Socialists Hold Slight Lead in Spanish poll
Spain's governing Socialists and opposition Popular Party are running almost neck-and-neck in the country's regional and municipal elections.
With almost all votes counted in the town hall poll, the Popular Party has a tiny lead, prompting deputy leader Angel Acebes to declare victory.
Rural results are still coming in, but seem little changed from the 2003 vote.he Socialist party gained power in the wake of the train bombings in 2004. Three years on, locally-focused voters return to the polls.
Spain's ruling Socialists have a slight lead in local and regional elections, partial results indicate.
With 81% of votes counted, they are less than one percentage point ahead of the opposition Popular Party. Both seem set to retain their main strongholds.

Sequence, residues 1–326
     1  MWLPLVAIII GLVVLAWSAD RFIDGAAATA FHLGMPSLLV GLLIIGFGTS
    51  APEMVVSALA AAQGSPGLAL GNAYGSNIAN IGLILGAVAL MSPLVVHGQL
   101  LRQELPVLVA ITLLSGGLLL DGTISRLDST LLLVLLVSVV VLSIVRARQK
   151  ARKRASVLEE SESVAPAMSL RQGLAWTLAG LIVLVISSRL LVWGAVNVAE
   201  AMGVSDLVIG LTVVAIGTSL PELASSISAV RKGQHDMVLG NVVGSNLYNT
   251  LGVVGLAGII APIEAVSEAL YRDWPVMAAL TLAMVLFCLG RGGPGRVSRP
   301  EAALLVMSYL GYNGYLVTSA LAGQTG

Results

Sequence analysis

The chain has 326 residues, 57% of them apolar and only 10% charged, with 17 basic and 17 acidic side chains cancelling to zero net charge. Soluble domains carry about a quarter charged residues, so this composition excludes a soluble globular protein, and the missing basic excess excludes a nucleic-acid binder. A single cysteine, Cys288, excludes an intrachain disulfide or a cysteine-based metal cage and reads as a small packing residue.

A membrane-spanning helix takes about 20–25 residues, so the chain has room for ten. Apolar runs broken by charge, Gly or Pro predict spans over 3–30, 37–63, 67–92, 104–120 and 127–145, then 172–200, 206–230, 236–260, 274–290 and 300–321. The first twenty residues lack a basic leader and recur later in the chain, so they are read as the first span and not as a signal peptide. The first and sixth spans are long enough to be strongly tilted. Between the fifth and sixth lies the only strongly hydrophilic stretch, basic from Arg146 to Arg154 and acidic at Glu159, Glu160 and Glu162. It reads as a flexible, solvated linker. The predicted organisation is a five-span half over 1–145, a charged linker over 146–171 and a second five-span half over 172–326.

National issues - such as violence in the Basque region and urban planning corruption - have loomed strongly.
For the first time, many British and German expatriates have put themselves forward as anti-corruption candidates.
The vote was seen as the first real test of popularity for Spain's Socialist government, which came to power after general elections in March 2004.
That election came three days after train bomb attacks in Madrid that killed 191 people.
The political make-up of more than 8,000 town councils and most of the country's regional governments is being decided in Sunday's polls.
The Socialists retained Seville and Barcelona, while the Popular Party (PP) held onto Madrid and Valencia. But the PP's majority in Navarra was threatened by a surge by Basque nationalists.